|07-07-2007 11:13 AM|
So within a companies specifications, which is ALL they are selling you, a product that can do X... water and mud are not actually a problem. This actually lends itself to the number one reason winches are returned to the manufacturer (input from them). The winch is a X,XXX lb winch and it can't pull my buddies Jeep up this incline and the Jeep only ways X. Most do not understand that the max load capability is only for the first row of cable. Nor do they understand that good sucking mud can take a winch beyond its capability specifications. Or that the loads increase as the angle increases.
As for taking them out and just breaking them... yeah we could have done that quite easily.
I'm enjoying these discussions on the winches and load pulling. This is exactly the kind of conversations the winch manufacturers themselves were hoping would be generated so that people have a better understanding of the products. And less returns on perfectly operational winches
|07-07-2007 09:05 AM|
x2 4JeepN. I blew up an 8,000# Ramsey in mud. The mud had a "suction" effecect, and the owner (Penguin_in_a_CJ) hooked it up, started pulling about 1/4 and just gave up and started smoking. The same winch had pulled out an extended cab long bed 2500 the weekend before.
Mud makes things weigh much much more than they really do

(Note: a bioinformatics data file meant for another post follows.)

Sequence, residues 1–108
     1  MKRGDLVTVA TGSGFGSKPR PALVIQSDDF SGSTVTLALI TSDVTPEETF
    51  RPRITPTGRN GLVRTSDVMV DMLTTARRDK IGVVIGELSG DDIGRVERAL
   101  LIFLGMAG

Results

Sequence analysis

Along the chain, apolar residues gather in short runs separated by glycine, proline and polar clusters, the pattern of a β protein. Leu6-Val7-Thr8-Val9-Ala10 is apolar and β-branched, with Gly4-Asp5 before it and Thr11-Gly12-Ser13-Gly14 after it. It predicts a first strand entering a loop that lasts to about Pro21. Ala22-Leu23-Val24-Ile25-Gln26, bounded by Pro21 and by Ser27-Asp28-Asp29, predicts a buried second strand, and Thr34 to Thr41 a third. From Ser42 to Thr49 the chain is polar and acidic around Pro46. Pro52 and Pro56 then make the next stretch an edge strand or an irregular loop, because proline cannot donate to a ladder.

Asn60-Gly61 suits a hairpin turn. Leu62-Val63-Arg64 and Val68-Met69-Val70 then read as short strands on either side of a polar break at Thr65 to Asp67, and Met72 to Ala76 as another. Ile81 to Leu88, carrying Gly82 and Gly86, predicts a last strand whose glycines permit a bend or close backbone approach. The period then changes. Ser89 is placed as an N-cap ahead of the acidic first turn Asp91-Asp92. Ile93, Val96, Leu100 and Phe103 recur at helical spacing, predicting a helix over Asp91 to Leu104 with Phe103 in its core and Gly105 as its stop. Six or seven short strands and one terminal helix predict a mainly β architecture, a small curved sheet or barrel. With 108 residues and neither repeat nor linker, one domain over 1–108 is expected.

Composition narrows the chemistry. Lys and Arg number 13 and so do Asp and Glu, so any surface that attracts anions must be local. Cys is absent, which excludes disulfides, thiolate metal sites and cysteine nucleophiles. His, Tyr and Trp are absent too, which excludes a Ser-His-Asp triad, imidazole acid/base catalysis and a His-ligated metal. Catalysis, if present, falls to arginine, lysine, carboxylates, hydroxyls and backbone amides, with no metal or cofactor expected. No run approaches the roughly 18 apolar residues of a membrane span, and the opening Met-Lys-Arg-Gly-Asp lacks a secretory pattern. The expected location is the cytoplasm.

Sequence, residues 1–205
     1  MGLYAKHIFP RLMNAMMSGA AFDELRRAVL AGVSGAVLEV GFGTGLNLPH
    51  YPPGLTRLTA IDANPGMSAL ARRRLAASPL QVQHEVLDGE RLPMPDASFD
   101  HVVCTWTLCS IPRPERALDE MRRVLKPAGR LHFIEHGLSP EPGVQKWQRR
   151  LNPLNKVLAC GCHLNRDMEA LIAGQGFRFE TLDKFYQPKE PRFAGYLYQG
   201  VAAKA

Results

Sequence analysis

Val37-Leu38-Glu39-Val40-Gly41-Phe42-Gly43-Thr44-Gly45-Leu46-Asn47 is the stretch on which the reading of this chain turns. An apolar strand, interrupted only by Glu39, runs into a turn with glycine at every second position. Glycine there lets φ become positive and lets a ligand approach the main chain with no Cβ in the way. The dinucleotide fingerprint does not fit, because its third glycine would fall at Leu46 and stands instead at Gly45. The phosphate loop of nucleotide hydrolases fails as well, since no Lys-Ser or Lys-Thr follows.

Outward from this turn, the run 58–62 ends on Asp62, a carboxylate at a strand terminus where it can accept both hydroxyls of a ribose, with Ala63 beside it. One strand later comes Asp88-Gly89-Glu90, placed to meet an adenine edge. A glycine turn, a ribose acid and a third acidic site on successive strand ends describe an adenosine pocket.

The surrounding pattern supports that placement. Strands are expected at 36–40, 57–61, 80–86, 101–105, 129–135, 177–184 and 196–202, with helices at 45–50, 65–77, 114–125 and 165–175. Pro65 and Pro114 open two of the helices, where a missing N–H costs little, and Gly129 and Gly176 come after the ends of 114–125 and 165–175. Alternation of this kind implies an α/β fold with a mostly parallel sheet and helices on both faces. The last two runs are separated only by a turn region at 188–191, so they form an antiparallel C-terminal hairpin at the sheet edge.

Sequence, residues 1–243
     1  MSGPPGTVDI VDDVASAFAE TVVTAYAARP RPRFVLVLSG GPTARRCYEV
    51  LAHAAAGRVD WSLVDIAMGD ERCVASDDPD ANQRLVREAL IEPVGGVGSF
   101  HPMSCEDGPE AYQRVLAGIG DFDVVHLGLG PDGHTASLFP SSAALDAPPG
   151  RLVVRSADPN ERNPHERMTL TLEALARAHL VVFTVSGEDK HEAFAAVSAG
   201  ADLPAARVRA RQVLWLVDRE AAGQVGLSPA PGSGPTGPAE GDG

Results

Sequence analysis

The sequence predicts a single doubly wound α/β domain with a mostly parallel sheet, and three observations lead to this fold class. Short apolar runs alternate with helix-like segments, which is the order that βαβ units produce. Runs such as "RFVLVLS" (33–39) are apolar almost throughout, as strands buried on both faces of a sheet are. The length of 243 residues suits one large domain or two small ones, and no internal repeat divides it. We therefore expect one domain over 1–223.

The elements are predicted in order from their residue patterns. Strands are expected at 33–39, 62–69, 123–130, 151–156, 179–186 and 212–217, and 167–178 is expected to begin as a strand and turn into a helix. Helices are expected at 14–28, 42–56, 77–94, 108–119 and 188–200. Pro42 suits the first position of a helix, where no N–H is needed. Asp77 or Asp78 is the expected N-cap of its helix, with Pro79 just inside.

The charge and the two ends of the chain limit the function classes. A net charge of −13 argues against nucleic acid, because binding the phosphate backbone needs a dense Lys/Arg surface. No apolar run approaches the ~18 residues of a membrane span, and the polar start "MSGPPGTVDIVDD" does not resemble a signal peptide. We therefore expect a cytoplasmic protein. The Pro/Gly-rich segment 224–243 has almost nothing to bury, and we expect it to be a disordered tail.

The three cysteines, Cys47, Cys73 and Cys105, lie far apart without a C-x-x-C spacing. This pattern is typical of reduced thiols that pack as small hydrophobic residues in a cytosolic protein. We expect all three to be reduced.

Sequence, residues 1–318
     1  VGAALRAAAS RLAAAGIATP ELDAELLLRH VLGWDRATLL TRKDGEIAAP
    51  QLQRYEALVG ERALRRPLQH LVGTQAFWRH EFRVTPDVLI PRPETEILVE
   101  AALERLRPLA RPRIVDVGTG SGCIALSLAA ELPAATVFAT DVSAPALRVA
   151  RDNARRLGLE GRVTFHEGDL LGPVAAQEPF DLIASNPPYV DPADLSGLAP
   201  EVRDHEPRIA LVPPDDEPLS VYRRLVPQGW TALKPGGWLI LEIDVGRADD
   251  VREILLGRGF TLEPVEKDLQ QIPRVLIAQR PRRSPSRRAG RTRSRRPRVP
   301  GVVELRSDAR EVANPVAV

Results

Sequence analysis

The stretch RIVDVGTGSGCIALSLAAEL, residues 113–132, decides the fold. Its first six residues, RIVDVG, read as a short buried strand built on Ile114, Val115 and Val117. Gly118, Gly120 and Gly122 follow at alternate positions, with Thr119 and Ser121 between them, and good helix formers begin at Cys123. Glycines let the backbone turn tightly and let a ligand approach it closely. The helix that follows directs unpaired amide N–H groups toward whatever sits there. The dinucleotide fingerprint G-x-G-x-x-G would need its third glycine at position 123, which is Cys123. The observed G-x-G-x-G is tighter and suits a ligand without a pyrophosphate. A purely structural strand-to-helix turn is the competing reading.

|07-07-2007 05:15 AM|
Moab is a nice visaul as well. In fact most of the stories on trail rides I see in moab (even those on your page) contain a large group of 4x4's that have no winches out there, cleary the perfect place to test them
Also to make the statement that water and mud are only an issue for winches of age and really only provide a great visual is a wrong unless you tested them in that condition. Deep mud in certain cases will put more load on your winch than anything out there as you not only have the weight of the 4x4 but you also must over come the force being applied by the mud to keep the 4x4 there. From what I can tell, and perhaps I am wrong.. most of the tests you did where rolling. Thus its just a rolling load, it may be heavy but its still rolling. When a winch is used on the trail it usually becuase forward progress has stopped. If it not, we usually just use a tow strap vs the winch.
Thus, I think you did an good job with the test, and I hope your next test will cover more types of trials situtions.
|07-07-2007 12:11 AM|